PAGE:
Tuesday’s Rugby News sees alarm bells for the Tahs, Ellia’s ankle, Eddie warning the Six Nations bosses and, that broadcast deal.
Alarm Bells In Tah Land
The Waratahs have had a nightmare of a start to their Super Rugby Season! They’ve been smashed by both the Crusaders and the Blues in their first two games. They currently sit fifth in the Australian conference with a for and against of -38.
But it’s not all their fault. Yes, I’m going to defend them. Yes Really.
When Rugby Australia snavelled Tatsy Taylor from Scotland to put some muscle into the Wallabies defence it probably didn’t realise it would cost the Waratahs a defensive coach. Steve Tandy left at the last moment to take up Taylor’s old position in Scotland and his replacement really hasn’t had time to put his stamp on things.
Phill Bailey is no mug, a League international and a respected coach, but the Tahs haven’t had time to work out what Phill has to offer.
“Our defence was a bit vulnerable, that’s a big work-on for us, and it’s nowhere near where we need to be with that,” Penney said.
“I did feel like a couple of times we were short out wide, on reflection I don’t actually know what that is at the moment. That’ll be something we look at,” halfback Jake Gordon said.
Ellia Greens Ankle
Fans lost their shit this week when this photo showed up on Ellia Green’s Instagram feed. Especially when the caption stated “Definitely not ideal but not Impossible either, challenge accepted” immediately worst-case scenarios seemed to be everywhere.
Green was inundated with well-wishes from teammates and World Series stars alike, with Carlin Isles replying: “Better be speedy! The Olympics needs you.”
So what’s the story? Is Green, gasp, in danger of missing the Olympics?
Breathe easy because Aussie sevens officials say no.
The ankle surgery was a general clean-up, and the expectation is while Green may miss tournaments in the next month or two as she rehabs, the 173 days before the start of the Aussie women’s title defence begins at the Tokyo Olympics should be more than enough to see the star flyer back on her feet and scoring tries.
Eddie Jones Warning Six Nations
Hot on the heels of the news that South Africa wants into the Six Nations is a timely warning from Eddie Jones. Jones warned that expansion to seven or even eight teams could stuff the Six Nations in the same way as expanding from 12 teams to 14 stuff Super Rugby.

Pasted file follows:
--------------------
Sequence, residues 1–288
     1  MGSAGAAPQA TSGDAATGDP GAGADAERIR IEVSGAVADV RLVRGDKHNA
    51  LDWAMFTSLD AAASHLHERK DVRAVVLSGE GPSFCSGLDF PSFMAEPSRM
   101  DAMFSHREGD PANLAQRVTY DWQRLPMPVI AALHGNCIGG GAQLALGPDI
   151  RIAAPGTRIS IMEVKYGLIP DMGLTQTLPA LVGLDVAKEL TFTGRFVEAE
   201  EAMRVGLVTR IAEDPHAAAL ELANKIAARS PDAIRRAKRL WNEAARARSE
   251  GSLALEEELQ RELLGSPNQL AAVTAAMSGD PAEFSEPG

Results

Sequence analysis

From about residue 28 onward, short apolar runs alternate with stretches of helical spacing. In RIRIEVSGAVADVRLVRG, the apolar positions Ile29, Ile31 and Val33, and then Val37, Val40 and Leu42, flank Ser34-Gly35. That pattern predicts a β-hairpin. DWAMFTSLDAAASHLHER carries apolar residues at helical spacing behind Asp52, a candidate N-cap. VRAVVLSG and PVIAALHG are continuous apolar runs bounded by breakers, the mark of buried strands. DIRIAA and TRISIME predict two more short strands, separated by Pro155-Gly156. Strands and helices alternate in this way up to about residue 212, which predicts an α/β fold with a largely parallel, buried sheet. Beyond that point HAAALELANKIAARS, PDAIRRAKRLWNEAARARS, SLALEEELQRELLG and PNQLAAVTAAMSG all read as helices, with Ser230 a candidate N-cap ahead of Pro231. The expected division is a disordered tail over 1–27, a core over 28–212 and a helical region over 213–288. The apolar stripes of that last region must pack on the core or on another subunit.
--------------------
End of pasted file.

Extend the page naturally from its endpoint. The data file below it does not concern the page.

It’s hard to disagree with Eddie on this one.
As calls persist for World Cup champions South Africa, Japan and Georgia to be added, Jones believes tinkering with a winning format is ill-advised.
“It’s called the greatest rugby tournament in the world and I think it is. So why would you want to add other teams that are going to decrease the level of competition,” Jones said.
“I can only talk from experience. Super Rugby was the golden egg of rugby – brilliant, 12 teams, competitive. As soon as it had gone to 14 and 15, it had lost its allure.”
“You want the best teams playing against each other. There’s something about the Six Nations – because of the history of the relationships between the nations, it makes it more outstanding.
“The competition is much harder contested than the World Cup. It’s become a lot more physical and it’s only going to get more so.
“You don’t want this type of game every week, but southern hemisphere coaches certainly admire the Six Nations.
“From the first Six Nations I did to now, I think we’ve seen a general rise in the quality of the teams.”
That Broadcast Deal
After, what seems like, weeks of Chicken Little articles claiming ‘the sky is falling’ on Australian Rugby a couple of articles yesterday were, shall we say… Less hysterical.
Firstly Green and Gold Rugby founder Matt Rowley talked sense here. Rowley stated ‘
According to a coalition of self-interested voices led by Newscorp (65% owners of Foxtel), RA have recklessly passed on Foxtel’s offer for the next 5 years of Australian rugby broadcast rights that would price them flat for a decade. Reckless, apparently, because rugby in Australia is a hot mess being led into TV rights oblivion by a team who need to know their place, take what they’re given and be grateful for it.
The only way RA can test the value is to take those rights to market. Not only is this Governance 101, but at a time when ASIC is taking Harold Mitchell to legal task over allegedly manipulating Tennis Australia rights, there is no real choice.”
Then Georgina Robinson stated that it’s not just about money and that ‘Sports place their prospects for exposure and growth in the hands of broadcasters and must take a hard look at competing business models when they sign multi-year deals.’
Up until now Australian rugby has grabbed the money and hoped that they could buy exposure and growth with it. But it really hasn’t worked out for them. Foxtel never had enough subscribers to really showcase rugby like RA wanted it showcased. And understandably Foxtel wasn’t keen to let free to air broadcasters have a live feed of their product.
‘Robinson continues with: As reported in the Herald’s media section on Monday, Rugby Australia will this week send out non-disclosure agreements to Foxtel, Optus, Amazon, Rugby Pass and Australia’s three commercial free-to-air networks.
The agreements are the precursor to the sport’s first open-market tender process for the broadcast rights to its club-to-Wallabies schedule until the end of 2025.
Not all those parties will sign and return them, but by week’s end the ones who have are the ones that will be regarded as seriously interested in what the next five years of Australian and international rugby has to offer their businesses.
That Foxtel is on that list gives the lie to five days of furious speculation that the majority News Corp-owned pay television provider has walked away from the game it helped champion for the past 25 years.